That said, the question is not how to automatically set up Microsoft word to place two spaces after punctuation but rather, how long until Microsoft formally puts their little green "grammar error" line beneath anything but one.


2018-03-17 05:40:37

Ken Endacott

There is no easy solution. My suggestion is to use a macro to check sentences one by one and if the last word in the sentence, stripped of the delimiter character and trailing spaces, is a single character or numeric or is a specific word such Dr or etc as then ask the user for a decision, otherwise set two spaces.


2018-03-16 11:07:51

Annette Carlson

good tip!

(Don and Jay) re: unwanted extra spaces...
As I've considered this dilemna... I've tried search: "period-one-space" replace with: "period-two-spaces" with the same unwanted extra spaces in places where they don't belong: Dr., Mr., Mrs., numbers-with-decimals, equations, etc.

one thought is search: "period-one-space-Use_wildcards+format_AllCaps" replace with: "period-two-spaces" but that's not working too well. (hmmm I wonder whether using * as the wildcard with format as initialcap would work)

If anyone comes up with another approach, let me know! thanks


2018-02-07 15:05:15

Don Faison

Thank you, very useful, saved me a lot of time; even though I had to go back and fix 'Dr. Smith' and 'e.g. this and that'. I don't see a way to avoid the Dr. correction (easy enough to search for), but is there a way to avoid adding the second space if the letter immediately following the period and one space is lowercase? I use lots of n.a., i.e., e.g., etc. I tried to modify the macro but Microsoft instruction are poor and I wasn't able to modify it myself.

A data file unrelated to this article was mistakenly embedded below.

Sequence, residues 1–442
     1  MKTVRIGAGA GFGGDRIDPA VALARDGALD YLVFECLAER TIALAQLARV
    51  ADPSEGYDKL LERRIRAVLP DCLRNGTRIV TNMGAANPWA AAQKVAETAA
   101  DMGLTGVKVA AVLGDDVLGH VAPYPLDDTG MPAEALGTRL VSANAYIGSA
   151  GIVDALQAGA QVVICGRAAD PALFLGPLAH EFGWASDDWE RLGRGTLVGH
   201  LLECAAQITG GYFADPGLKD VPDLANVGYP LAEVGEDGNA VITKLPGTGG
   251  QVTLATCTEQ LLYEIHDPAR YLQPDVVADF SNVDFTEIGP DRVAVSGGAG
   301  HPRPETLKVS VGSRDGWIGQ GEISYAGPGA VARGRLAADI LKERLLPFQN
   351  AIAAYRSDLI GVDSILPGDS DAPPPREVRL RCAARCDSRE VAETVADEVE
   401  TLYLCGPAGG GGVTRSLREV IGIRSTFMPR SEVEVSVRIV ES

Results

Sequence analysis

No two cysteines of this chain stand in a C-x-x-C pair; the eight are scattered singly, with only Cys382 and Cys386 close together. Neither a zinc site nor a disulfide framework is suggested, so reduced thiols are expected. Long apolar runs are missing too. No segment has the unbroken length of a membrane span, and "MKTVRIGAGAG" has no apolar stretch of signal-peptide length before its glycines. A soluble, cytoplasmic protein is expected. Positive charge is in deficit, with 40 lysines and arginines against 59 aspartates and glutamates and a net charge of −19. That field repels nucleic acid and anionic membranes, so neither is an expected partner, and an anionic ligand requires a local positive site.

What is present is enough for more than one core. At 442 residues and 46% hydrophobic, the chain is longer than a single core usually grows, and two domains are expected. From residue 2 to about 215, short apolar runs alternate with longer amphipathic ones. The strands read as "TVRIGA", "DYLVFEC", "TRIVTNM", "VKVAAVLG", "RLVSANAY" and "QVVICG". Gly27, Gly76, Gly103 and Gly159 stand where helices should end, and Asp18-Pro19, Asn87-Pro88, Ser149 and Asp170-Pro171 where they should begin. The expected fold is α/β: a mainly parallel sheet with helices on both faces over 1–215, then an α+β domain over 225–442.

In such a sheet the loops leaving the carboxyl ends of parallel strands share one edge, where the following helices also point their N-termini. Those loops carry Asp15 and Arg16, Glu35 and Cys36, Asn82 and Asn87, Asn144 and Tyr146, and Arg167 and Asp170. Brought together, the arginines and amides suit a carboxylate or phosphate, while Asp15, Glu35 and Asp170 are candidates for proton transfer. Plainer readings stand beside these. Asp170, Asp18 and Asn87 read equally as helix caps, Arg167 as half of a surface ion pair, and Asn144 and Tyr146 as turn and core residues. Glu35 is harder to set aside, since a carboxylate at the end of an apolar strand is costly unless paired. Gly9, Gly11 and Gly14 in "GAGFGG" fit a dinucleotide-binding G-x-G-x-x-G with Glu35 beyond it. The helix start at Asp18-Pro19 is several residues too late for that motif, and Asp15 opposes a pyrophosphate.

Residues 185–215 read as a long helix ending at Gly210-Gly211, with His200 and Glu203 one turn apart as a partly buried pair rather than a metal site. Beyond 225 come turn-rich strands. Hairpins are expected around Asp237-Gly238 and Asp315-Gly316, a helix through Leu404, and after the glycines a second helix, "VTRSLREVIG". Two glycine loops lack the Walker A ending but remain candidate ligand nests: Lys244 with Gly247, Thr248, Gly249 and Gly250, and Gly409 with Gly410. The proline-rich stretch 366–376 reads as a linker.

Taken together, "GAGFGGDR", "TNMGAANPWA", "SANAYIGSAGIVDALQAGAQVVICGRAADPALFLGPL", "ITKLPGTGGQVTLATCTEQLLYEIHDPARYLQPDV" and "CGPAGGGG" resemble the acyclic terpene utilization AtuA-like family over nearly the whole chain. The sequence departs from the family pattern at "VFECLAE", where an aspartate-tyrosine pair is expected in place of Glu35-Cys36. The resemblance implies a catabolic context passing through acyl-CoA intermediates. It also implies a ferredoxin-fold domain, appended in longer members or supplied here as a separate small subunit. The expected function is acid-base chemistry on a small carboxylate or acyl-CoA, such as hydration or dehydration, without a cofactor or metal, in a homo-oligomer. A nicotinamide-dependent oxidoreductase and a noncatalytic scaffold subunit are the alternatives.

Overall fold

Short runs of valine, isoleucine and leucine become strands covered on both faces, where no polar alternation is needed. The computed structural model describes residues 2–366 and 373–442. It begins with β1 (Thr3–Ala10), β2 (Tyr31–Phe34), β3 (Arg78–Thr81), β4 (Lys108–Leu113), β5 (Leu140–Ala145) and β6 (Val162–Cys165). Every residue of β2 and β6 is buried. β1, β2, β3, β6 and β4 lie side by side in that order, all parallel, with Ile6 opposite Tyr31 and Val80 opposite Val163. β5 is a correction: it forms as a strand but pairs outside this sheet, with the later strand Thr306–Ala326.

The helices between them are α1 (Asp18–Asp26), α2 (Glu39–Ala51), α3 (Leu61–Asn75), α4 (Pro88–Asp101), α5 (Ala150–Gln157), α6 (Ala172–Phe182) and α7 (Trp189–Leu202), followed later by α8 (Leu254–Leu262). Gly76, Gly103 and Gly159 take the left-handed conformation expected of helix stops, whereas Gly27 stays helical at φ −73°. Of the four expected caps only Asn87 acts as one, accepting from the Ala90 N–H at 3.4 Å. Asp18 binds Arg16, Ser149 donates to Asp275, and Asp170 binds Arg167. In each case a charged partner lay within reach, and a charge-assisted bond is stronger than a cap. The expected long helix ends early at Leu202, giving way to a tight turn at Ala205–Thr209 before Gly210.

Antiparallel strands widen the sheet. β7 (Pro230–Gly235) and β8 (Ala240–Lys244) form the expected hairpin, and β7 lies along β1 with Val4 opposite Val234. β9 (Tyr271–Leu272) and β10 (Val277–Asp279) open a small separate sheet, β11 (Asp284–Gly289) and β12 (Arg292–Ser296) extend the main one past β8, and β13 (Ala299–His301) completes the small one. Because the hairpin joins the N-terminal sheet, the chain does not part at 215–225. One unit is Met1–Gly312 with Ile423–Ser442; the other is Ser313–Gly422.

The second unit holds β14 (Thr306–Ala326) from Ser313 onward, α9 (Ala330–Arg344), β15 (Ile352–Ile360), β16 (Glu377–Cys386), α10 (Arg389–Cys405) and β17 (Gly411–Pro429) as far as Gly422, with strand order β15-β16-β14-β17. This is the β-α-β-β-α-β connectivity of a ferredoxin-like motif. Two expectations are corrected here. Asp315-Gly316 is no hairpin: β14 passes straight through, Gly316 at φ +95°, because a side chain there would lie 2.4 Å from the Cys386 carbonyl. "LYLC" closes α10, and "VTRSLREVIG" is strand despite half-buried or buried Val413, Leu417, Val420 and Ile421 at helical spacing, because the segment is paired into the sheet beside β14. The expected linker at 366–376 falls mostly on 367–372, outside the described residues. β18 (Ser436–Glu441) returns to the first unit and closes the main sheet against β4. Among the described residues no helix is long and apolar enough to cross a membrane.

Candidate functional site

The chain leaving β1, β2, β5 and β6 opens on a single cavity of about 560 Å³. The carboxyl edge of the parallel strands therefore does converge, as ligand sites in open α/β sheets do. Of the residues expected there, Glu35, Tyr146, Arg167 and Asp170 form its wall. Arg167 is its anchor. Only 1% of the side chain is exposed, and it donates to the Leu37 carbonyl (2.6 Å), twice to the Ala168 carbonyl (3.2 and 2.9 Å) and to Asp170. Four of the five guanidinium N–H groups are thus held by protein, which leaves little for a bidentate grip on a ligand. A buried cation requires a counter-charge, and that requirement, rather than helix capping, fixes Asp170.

2017-09-27 01:05:36

Jim

Word 2007
I needed this fix. Wrote a book and then found that I wasn't consistent with the double space after period. BUT I did what this post says and the grammar checker won't find errors I make intentionally, testing it. Not sure why.
So I made punctuation visible and then I am scanning every period to make sure there are 2 dots after it. Tedious but necessary...I'll be more careful next time!


2017-09-16 15:56:26

Jay

Also be aware that if you use abbreviations within a sentence (Mr., Mrs., etc.) you will get an unwanted space after.


2017-09-16 07:54:30

VJ

If you add the following code to the above macro [before the "End Sub" line]; then sentences ending in a period followed by a double-quote-mark) would also have two spaces added after the quote mark.

And, of course, the same code duplicated and the Replacement.Text line modified for a question mark and/or exclamation mark, would double-space after 'question-quotes' and/or 'exclamation quotes'.

'
' TwoSpacesAfterQuote Section
' Make sure there are two spaces after a sentence ending with a double quote mark.
'
Selection.Find.ClearFormatting
Selection.Find.Replacement.ClearFormatting
With Selection.Find
.Text = "."" "
.Replacement.Text = "."" "
.Forward = True
.Wrap = wdFindContinue
.Format = False
.MatchCase = False
.MatchWholeWord = False
.MatchAllWordForms = False
.MatchSoundsLike = False
.MatchWildcards = True
End With
Selection.Find.Execute Replace:=wdReplaceAll